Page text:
VANCOUVER (miningweekly.com) – “The megafactories are coming.”
This is the mantra of market analyst, founder and MD of Benchmark Mineral Intelligence Simon Moores, citing research showing more than $20-billion currently committed to creating new, or expanding existing lithium- (Li-) ion battery cell plants.
This will take global production capacity from megawatt to gigawatt territory, with the bulk of the activity taking place in China, where massive tooling operations are currently under way.
According to Moores, South Africa-born entrepreneur Elon Musk’s Nevada-based Tesla Gigafactory, which is expected to start production later this year, is leading the 'capacity revolution', with a planned total installed production capacity of 35 GWh by 2020. Other significant expansions include LG Chem Korea, which is more than doubling Li-ion battery output to 20 GWh, and the Chinese Lishen and CATL plants, which are both upgrading from below 5 GWh, to 20 GWh and 25 GWh, respectively.
Lithium-ion battery costs are also falling at an increasing rate, Moores notes. Since 2000, when it cost more than $2 500 for a battery, costs have declined by 12% to 14% a year up to 2015, with Moores expecting that rate to quicken to between 15% and 20% a year between 2016 and 2020.
Addressing a crowd of investors in Vancouver on Thursday, on the eighth of 11 stops on the Benchmark World Tour 2016, Moores declared energy storage as the new oil, just like uranium was a buzzword in 2007, lithium in 2010 and 2016 and fracking and frack sands were in 2011/12.
“The ability to store energy is the game changer, entailing pure electric vehicles (EVs), mainstream solar power generation and modern smart grids, using peak shifting grid energy storage technologies. The impact on solar power will be revolutionary, as the low cost and abundance of lithium-ion batteries will cheapen the cost of energy storage, improving the economic sensibility for mainstream applications,” he explained.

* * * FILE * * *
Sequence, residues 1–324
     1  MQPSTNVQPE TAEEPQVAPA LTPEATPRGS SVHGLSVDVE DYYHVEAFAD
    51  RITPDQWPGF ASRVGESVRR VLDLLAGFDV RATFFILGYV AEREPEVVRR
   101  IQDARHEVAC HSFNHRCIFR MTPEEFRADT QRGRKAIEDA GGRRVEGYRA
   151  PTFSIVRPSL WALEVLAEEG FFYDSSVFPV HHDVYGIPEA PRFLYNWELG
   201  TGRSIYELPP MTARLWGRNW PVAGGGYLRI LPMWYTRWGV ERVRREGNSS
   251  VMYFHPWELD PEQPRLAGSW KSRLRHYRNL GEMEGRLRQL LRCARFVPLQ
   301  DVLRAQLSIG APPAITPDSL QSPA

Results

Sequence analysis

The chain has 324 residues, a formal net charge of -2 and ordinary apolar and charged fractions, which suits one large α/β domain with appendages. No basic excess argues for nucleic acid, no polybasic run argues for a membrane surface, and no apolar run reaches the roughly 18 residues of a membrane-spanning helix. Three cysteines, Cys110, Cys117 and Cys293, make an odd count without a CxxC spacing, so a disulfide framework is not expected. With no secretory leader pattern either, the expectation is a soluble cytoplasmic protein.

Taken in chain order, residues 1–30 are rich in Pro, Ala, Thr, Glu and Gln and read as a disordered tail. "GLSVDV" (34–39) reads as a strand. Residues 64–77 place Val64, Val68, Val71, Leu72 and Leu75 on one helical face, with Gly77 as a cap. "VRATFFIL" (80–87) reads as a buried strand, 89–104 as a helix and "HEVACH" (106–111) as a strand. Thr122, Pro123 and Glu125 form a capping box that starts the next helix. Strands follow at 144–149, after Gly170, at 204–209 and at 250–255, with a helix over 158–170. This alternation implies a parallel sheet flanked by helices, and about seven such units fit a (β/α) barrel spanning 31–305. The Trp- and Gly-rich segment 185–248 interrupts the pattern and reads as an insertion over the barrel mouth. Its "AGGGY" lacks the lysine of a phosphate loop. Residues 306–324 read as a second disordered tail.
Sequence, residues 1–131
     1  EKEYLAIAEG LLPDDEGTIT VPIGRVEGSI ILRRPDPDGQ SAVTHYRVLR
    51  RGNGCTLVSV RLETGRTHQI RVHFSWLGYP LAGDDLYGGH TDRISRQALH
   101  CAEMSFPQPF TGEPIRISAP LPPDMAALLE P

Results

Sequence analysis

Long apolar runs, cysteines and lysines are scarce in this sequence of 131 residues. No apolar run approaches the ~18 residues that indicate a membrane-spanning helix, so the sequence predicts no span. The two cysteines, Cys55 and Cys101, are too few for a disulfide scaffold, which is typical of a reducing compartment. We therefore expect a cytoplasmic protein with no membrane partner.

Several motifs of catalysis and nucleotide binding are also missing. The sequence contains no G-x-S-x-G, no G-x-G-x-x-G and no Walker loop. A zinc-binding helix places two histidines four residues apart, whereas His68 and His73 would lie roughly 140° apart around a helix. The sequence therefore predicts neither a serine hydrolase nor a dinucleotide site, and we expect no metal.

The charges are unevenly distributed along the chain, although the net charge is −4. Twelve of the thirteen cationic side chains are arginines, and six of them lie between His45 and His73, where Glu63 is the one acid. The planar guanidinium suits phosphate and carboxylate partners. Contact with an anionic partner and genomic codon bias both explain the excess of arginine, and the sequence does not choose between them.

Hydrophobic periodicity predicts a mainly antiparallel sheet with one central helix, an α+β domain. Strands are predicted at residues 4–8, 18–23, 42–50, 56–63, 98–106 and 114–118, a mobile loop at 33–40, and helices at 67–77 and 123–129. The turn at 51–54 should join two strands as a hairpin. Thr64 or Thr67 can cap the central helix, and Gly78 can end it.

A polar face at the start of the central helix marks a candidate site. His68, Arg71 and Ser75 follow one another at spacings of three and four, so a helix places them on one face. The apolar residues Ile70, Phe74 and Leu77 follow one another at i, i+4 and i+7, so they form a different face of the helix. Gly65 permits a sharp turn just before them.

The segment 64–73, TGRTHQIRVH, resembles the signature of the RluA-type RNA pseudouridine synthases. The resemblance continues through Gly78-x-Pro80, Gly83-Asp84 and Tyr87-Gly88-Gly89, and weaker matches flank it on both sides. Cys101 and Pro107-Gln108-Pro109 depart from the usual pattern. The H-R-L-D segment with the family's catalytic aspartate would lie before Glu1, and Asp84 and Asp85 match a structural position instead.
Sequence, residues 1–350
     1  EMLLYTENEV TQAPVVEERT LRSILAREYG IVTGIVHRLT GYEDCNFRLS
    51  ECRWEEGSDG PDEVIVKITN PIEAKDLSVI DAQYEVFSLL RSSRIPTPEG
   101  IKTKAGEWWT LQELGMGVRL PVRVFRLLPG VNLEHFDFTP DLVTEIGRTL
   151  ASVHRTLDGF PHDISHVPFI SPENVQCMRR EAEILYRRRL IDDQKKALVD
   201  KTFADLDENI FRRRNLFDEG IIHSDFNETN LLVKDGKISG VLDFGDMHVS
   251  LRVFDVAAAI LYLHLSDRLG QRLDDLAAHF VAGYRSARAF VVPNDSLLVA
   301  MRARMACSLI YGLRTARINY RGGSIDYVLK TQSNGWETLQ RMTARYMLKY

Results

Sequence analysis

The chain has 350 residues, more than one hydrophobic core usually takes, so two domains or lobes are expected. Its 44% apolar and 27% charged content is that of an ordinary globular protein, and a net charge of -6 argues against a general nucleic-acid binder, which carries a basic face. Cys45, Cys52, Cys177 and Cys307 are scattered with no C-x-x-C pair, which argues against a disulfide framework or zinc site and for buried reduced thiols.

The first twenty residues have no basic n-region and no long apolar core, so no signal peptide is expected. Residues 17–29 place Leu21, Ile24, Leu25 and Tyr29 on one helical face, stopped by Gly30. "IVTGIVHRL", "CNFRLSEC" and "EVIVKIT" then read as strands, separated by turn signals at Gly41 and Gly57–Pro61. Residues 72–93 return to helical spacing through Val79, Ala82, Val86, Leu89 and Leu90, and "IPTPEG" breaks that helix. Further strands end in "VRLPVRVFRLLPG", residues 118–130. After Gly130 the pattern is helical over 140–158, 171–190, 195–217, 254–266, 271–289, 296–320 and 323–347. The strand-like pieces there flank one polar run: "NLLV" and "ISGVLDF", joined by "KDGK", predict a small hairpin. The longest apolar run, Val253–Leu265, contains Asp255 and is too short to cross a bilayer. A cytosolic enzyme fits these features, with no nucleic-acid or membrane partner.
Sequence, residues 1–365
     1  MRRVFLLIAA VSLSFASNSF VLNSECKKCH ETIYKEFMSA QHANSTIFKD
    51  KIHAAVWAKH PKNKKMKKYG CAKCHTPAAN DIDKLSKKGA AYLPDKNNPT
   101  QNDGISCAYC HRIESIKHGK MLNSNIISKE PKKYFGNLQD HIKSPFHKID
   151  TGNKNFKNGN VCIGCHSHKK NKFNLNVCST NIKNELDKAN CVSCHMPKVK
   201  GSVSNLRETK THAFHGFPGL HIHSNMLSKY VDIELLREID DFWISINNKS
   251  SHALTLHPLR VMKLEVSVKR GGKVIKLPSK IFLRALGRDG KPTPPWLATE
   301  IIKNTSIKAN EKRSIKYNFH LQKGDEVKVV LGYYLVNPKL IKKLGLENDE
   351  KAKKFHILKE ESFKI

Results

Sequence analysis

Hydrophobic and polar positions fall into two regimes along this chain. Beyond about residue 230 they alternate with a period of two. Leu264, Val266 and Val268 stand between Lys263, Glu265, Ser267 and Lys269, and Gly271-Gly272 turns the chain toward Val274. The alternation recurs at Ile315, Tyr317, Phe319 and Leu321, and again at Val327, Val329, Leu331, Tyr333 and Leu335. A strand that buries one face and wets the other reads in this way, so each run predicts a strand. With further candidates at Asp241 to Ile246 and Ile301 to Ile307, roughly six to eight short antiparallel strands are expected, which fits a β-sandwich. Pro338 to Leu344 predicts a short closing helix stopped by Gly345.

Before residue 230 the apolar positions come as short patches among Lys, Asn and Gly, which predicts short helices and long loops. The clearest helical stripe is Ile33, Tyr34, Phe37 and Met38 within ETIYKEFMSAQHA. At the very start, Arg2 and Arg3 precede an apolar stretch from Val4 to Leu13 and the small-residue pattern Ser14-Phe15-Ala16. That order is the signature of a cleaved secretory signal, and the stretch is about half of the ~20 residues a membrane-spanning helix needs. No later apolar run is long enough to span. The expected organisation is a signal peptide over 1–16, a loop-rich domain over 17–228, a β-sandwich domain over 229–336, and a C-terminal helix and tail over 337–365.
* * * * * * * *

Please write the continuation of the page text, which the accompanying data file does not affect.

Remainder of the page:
He argues that it is quite viable for solar to challenge crude oil’s dominance.
However, the rechargeable battery industry is relatively young, with the first commercial lithium-ion battery only produced in 1991.
Noting that some of the very first EVs were already built in the early 1800s, Moores explained that the rechargeable battery industry is currently moving into a fourth phase in its evolution. This entails the large-scale adoption of full EVs and utility storage applications, reflecting increasing battery entrenchment in everyday life, which itself benefited from mobile devices gaining real traction from 2006 onwards.
“The bottom line,” Moores states, “is that on the way to half-a-terawatt in battery-building capacity, raw materials need to evolve to supply the unprecedented demand growth from battery manufacturers by 2025.”
Answering the call, Moores noted, were some oil majors moving into the emerging battery manufacturing market. French oil firm Total had earlier this year taken control of battery manufacturer Saft Groupe. “They are moving in on a battery-powered race sparked by tech industrialists such as Musk, and this has resulted in an arms race of sorts,” Moores stated.
This trend has now evolved. Silicone Valley is investing into this sphere, with the likes of Apple, Google and Amazon establishing energy affiliates and Tesla leading the auto industry, adding further momentum. “Elon started it, but China will probably finish it,” Moores said.